There Were A Bunch of Infinite Jest References on Parks & Recreation Tonight For Some Reason

Tonight’s Parks & Recreation episode contained a bunch of throwaway references to Infinite Jest by David Foster Wallace. I got this easter egg spoiled for me by my Funnybook Babylon Brother Pedro: “Supposedly Parks and Rec is dripping with Infinite Jest references this week” read the text I received while at the grocery store. I thought about this on the walk home, wracking my brain as to how the two could tie together. Ben Wyatt is the only series regular who I can even imagine possibly having read the book. Maybe Infinite Jest is Perd Hapley’s intensely ill-conceived Book Club selection? Jean-Ralphio sues someone after he gets hit with a copy of the hardcover? Why would Parks and Rec be dripping with these references?

I watched the episode, and I still couldn’t tell you why: I know that Parks co-creator Michael Schur is a big IJ fan, so I assume was a just a fun joke. Perhaps other episodes have had background references to White Noise or Lost in the Funhouse or other books I barely remember reading. But we don’t have half a dozen copies of any of those books in our apartment, so I’ll point out these references instead.


See? Just names to amuse people. Councilman Jamm’s law firm is composed of one Ennet House resident, two Enfield underclassmen, and one ETA star/AFR spy. There’s no symbolism, just names you may recognize. The Dane Cook Routine of literary references. None of the firm’s partners appear, though Bil Dwyer’s lawyer is named [“Tall”] Paul Shaw in the credits.


In the Anne/Chris plotline, they take the “Incandeza-Pemulis Parenting Compatability Quiz”. This is the closest thing to a “joke” I can find in these references, since the parenting skills of both of these families are suspect, if not criminal. Plus I can totally imagine Michael Pemulis trying to phish credit card info out of online quizzes.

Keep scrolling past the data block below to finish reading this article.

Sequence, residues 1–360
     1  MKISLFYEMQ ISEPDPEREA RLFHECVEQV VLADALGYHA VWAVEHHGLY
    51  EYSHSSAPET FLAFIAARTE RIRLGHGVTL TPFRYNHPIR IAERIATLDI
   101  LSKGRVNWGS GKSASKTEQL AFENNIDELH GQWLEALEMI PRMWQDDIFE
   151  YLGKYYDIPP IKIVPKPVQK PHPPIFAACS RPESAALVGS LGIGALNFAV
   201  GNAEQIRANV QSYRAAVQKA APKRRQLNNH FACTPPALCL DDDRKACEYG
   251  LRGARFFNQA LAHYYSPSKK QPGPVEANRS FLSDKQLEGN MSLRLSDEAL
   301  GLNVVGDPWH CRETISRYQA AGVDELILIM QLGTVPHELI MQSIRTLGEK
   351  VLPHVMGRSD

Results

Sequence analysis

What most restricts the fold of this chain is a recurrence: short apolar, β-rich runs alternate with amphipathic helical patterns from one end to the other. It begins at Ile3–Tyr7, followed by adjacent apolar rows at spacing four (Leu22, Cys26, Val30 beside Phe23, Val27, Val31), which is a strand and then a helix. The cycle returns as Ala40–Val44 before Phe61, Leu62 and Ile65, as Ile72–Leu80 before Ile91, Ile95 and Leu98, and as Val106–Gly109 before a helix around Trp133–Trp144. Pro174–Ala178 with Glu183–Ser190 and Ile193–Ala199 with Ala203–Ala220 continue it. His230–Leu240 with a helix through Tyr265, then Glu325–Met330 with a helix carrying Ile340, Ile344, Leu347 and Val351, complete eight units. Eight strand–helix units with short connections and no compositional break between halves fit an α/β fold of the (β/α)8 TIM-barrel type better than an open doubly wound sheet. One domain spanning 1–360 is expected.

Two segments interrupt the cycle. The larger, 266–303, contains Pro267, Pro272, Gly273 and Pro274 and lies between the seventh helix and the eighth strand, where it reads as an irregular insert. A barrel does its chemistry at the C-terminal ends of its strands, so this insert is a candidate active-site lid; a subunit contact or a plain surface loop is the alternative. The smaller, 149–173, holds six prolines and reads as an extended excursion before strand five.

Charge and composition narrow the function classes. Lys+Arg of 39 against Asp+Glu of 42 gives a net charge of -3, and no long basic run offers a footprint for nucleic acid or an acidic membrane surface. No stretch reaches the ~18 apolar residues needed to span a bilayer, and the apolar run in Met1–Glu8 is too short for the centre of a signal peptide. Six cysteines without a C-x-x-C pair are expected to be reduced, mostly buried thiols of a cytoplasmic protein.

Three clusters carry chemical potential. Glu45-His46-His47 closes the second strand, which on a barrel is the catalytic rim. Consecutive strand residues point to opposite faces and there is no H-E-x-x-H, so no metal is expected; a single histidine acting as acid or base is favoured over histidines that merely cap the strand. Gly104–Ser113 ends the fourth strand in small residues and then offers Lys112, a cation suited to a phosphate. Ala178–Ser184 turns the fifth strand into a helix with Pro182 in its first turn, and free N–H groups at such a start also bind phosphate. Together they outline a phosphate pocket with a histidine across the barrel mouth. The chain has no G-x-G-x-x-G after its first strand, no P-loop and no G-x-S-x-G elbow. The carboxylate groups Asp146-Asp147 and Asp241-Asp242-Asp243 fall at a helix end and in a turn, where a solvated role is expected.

Later they visit a “Doctor Van Dyne”, who is neither veiled, hideously scarred, or the PGOAT. She might be named Joelle though, based solely on the length of the blurry first name on the plaque behind her:


And over in what I guess was the A-Plot, Ben and Leslie travel to the town where Ben was Boy Mayor to get a key to the city. When Ben collapses due to a kidney stone, he is taken to a hospital named for Gene Facklemann, an opiate addict and Don Gately running buddy.


So I suppose it’s appropriate that Ben gets laid up on morphine, which Doctor Clipperton insists is “quite good”. Weirdly, the painkiller enthusiast doctor is named after another tennis player, the faux-then-actually-suicidal Eric Clipperton.


This forces Leslie to walk into the trap laid by current Partridge Mayor [Ortho “The Darkness”] Stice, who gratifyingly wears [nearly] all black.


At the ceremony, she is harangued by two unnamed citizens, who appear in the credits as Kate Gompert and Ken Erdedy, two more Ennet residents.



If I had gone into this episode cold, I am sure I would have been delighted by these easter eggs. But given an hour or so to allow my mind to race, I found myself disappointed. Would it have killed them to find some Byzantine Erotica to hang up in the doctor’s office? No one drinks out of a Flinstones juice glass, traps roaches under tumblers, watches seventeen hours of M*A*S*H? Couldn’t the Bicentennial Celebration have some Trial-Size Dove Bars being handed out? Why wasn’t Ben visited by a ghost or some guy who licks sweat off of people while in the hospital?

These are, of course, entirely unreasonable expectations for a sitcom. Then again, last week’s Archer had a whole bit about 1980s New Mutants casualty Douglas “Cypher” Ramsey, so maybe anything is reasonable these days.

3 Responses to “There Were A Bunch of Infinite Jest References on Parks & Recreation Tonight For Some Reason”

  1. Ambrose says:

    For whom is the Harvest Festival fun? Perhaps for Lil’ Sebastian.

  2. Philip says:

    No idea whether this was intended, or was just the result of me actively looking for Wallace references, but when April, being criticized by Ron for lying, says something along the lines of “I only tell the truth when it makes me sound like I’m lying” I immediately thought of the story from Oblivion, “Good Old Neon,” where the main character talks about doing the same thing as an example of his problem of constantly feeling like a fraud.

  3. jayinchicago says:

    These IJ references still made me giddy with excitement. Someone should have had a white bandanna on though.

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